Image result for tax burden france 1789 commons licence

The poorer classes, 95% of whose diet consisted of bread and cereals and which before the drought had to spend about 55% of their earnings on bread, were forced by the famine conditions of the first half of 1789 to spend now 85% and over of their income on this staple food. In France rural taxes called “privilege seigneriaux” or seigniorial privileges, severely burdened farmers.The clergy and nobility exercised a preeminent right over all land property but evaded most of the taxes and financial burdens of managing it.  By 1789, some 90% of the population were hungry by the beginning of 1789. The famine added to the woes of the French people who was also suffering  from a 10 year economic slump with its attendant unemployment.

 

The Riots and the Queen’s Response

Food, Chicken Pot Pie, Crust, Pie Crust, Chicken, Pie

When the riots did come, they were triggered by a chance remark by a wallpaper manufacturer named Reveillon, who said in a public meeting that the government should lower grain prices so that wages could be limited to 15 sous. Rumours of impending wage reductions swept the restless capital and set off the train of events we call The French Revolution.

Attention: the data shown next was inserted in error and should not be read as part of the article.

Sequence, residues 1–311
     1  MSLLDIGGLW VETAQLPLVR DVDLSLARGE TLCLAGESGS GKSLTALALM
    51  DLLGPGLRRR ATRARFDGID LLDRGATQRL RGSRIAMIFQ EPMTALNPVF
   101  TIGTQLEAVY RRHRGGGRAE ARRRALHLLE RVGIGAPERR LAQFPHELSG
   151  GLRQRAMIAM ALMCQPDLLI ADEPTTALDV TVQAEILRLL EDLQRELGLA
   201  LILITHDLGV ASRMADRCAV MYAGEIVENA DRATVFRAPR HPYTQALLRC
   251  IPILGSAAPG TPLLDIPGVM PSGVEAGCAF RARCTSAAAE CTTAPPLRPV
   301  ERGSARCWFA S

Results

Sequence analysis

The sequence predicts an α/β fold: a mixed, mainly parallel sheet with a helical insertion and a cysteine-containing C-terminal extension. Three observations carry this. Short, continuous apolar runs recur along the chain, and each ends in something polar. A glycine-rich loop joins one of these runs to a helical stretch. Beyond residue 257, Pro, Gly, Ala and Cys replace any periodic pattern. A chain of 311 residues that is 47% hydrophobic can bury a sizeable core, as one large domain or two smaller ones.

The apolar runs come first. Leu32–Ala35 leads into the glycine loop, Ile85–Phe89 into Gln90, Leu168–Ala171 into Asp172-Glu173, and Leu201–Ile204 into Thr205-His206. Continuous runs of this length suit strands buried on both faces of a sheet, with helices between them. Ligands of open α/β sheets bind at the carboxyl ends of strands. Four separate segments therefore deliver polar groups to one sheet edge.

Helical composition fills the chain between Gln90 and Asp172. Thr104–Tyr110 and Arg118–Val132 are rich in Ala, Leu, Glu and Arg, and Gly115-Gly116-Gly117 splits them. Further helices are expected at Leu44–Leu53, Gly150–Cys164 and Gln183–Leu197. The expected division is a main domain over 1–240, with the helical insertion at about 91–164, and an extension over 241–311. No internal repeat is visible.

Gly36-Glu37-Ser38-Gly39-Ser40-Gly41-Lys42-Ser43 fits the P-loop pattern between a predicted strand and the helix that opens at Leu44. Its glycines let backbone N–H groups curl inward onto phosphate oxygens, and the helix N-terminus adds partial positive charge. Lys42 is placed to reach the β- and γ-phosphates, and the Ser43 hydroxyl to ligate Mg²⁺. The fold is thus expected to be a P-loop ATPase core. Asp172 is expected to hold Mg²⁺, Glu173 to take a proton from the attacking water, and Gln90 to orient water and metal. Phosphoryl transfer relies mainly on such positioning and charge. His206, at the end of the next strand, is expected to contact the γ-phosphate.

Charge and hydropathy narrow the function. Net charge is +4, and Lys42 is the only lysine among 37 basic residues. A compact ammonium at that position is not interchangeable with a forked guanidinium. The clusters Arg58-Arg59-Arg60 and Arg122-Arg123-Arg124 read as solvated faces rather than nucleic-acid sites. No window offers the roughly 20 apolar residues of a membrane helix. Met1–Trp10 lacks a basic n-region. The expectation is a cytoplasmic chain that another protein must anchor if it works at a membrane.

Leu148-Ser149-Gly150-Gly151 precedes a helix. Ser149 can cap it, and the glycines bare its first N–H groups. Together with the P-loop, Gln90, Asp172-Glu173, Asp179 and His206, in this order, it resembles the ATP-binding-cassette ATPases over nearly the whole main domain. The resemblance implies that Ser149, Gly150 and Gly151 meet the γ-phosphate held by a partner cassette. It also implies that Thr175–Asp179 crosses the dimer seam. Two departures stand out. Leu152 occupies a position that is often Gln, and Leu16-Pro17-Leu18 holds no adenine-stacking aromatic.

Queen Marie-Antoinette never said, “Let them eat cake,” on hearing there was no bread to be had in Paris but it was just the sort of thing the crowd thought her capable of saying.  As was expected of a woman of her class and position she was remote but she was also totally unaware and untroubled by the plight of her people. She was, as all 18th century monarchs in Europe were, living a life of secluded luxury in their palaces. Marie Antoinette was of course living at one of Europe’s most opulent homes, the Palace at Versailles.

The phrase,’Let them eat cake’  first appeared in a slightly different form about Marie-Thérèse, the Spanish princess who married King Louis XIV in 1660. Marie-Thérèse allegedly suggested that the French people eat “la croûte de pâté” (or the crust of the pastry or the top of the pie – this was usually discarded as pastry was designed to protect the meat while it cooked). Over the next century, several other royals had the phrase attributed to them including two aunts of Louis XVI as it was a phrase that spoke of the royal family’s callousness to their people.